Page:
Daily Deduction

from the Tax Policy Center

Online Taxes: Searches, Storage, and Sales

By :: August 4th, 2014

Congress is in recess. The Daily Deduction will return to its regular schedule on Monday, September 8. Until then: We’ll see you every Monday morning.

Abroad and online: One country brings a knife to a gunfight. Spain has passed a new law: Websites that link to Spanish newspaper association stories will pay a tax for a story link and a “meaningful description” of the story. It’s not clear yet how much the tax would be or what “meaningful description” means. If  Spain hopes to collect some revenue from Google, it is taking on quite a challenge. When Germany tried to tax Google’s links to smaller German outlets, the firm stopped offering  those “meaningful descriptions,” and links where taxes are due. Note to Spanish tax authorities: buena suerte.

Meanwhile, Australian citizens may pay extra in order for the federal government to have access to their online data. The federal government may require telecommunications companies to store customer data for over two years in order to combat terrorism. It could cost the telecommunications industry AU$500 million to AU$700 million a year. That cost would be passed on to consumers in what the telecomm industry calls a “surveillance tax” of up to AU$100 a year, though the government would receive not revenue, but access to the data. Stored “metadata” could include land line and online telephone records, internet access, the time, location, sender and receiver of communications, and perhaps URLs and IP addresses. Privacy concerns abound, though social media may know more about users. Of course, social media are free.

Here at home: The Internet Tax Freedom Act is on deck after the August recess. Congress is still trying to combine this measure to extend the ban on state and local internet access taxes with the Marketplace Fairness Act, which would allow states to collect sales taxes from online retailers with no brick-and-mortar locations in their state. Senate Finance Committee Chair Ron Wyden will continue his effort to keep the bills separate.

Also on the Hill in September: Protecting taxpayer refunds and identities. The Tax Refund Theft Prevention Act will be on the Senate Finance Committee’s agenda. The bill would provide enhanced protection for taxpayers against fraudulent refund claims made under stolen taxpayer identities. Victims of this identity theft would receive new assistance and the IRS would be required to establish a new security feature to help individuals protect their tax filings.

And for taxpayers planning for a long life after retirement: There’s a new way to invest for old age, though  TPC’s Howard Gleckman wonders how many consumers will do it. The Treasury now allows people to shift up to 25 percent  of their 401(k)s or IRAs into a tax-deferred annuity. The  annuities would provide a guaranteed stream of income starting when  many retirees really need it, say at age 80. Until now, retirement funds must make mandatory annual distributions starting at age 70 1/2. The annuity feature makes it less likely that retirees will outlive their assets and will make money available in very old age for long-term care and other costs. The rules allow consumers to buy riders that permit a refund of money that has not yet been paid out, and designate a beneficiary to receive payments after the buyer’s death.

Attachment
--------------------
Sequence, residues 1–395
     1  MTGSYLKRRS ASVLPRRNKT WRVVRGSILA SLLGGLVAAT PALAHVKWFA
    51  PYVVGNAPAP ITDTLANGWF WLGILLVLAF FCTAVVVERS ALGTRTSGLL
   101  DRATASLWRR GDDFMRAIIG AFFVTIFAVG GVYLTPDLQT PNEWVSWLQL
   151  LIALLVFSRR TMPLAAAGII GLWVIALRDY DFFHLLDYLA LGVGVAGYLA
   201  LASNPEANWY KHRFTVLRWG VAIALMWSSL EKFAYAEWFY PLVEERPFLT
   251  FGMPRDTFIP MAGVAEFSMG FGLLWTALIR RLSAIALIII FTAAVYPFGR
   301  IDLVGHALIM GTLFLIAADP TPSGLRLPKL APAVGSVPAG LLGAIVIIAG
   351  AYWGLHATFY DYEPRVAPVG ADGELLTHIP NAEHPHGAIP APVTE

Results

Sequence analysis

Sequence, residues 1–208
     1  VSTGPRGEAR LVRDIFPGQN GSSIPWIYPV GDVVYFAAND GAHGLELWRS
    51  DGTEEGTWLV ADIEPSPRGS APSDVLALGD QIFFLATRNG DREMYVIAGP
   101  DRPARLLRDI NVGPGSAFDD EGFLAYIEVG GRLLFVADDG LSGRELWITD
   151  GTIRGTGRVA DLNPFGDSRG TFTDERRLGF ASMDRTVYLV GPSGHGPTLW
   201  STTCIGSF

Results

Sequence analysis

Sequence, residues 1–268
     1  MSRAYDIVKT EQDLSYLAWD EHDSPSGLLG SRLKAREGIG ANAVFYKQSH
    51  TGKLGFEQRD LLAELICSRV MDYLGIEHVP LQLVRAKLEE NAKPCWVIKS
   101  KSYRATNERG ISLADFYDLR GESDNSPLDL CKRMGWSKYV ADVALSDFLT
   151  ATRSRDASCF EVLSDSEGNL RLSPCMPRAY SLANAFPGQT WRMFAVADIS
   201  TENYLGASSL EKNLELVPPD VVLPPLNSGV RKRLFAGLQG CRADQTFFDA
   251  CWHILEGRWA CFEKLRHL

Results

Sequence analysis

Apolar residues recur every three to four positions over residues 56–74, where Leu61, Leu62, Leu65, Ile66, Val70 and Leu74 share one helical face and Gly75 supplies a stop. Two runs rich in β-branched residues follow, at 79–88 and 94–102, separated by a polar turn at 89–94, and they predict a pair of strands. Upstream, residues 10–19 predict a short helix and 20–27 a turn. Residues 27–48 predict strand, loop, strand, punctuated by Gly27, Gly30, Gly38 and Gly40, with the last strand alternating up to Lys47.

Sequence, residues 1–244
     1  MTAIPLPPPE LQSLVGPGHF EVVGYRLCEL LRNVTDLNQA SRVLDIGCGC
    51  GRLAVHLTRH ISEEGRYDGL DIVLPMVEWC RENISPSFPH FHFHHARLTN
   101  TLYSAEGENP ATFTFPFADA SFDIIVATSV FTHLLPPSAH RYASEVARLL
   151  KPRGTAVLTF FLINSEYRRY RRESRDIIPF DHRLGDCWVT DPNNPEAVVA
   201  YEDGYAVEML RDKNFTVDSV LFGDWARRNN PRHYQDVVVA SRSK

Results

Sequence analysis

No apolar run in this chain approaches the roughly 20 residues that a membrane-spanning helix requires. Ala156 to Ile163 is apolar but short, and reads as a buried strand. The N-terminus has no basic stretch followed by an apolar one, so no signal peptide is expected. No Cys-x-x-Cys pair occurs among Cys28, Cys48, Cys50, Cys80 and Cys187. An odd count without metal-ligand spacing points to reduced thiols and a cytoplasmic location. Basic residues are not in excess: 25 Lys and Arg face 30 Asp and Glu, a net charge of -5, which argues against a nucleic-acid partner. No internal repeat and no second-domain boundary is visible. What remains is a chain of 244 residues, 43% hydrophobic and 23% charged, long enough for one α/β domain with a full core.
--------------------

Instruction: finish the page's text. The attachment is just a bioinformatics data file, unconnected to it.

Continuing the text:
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  1. Michael Bindner  ::  4:42 am on August 5th, 2014:

    Unless the Spanish newspaper association is the only site publishing the stories of its membrs and puts in an effective password system – allowing a certain number of free visits – like the New York Times, it can’t possibly pull off restricting content viewing.

    The Australians seem to be joining the surveillance state, with taxes. I’m not exactly sure, however, who is targeting the Aussies from within or without. Seems like the NSA is bullying them to get on board, for what reason, I do not know.

    The Internet Tax Freedom Act is all public relations. Anyone with either DSL, dial-up or cable pays taxes to get on, and presuming the cost of the service relates to overall average usage, the taxes charged would seem to be in direct relation to actually being online. Further, if you buy something online, even if you pay no sales tax, the people you buy it from pay income taxes on what they earn. The concept is simply whacko and is an attempt to close the barn door after the horse has fled. As for the other bill taking care of sales taxes for items purchased, its past time to pass it – but we don’t have rational actors on both sides. Of course, if they wait, this item is a good one for a Value Added Tax.

    The Tax Refund Threat Protection Act is good government service – but I hope they fund additional workers to make that easier. Of course, for those of us who owe money, especially over a number of years, there is nothing to steal. The IRS would stop an refund someone would attempt to get. Indeed, given the W-2s and 1099’s filed with the IRS already, I don’t see how this scam is possible – yet it is. Lets hope an easy software fix can shut it down forever.

    I commented on the Gleckman piece on Friday and posted it on the web just now. The bottom line is, whether it is a good idea or not depends on your personal expected morbidity – just like all life insurance and annuity schemes.

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  4. Ed Shiers  ::  10:44 pm on August 23rd, 2014:

    Apple now has Rhapsody as an app, which is a great start, but it is currently hampered by the inability to store locally on your iPod, and has a dismal 64kbps bit rate. If this changes, then it will somewhat negate this advantage for the Zune, but the 10 songs per month will still be a big plus in Zune Pass’ favor.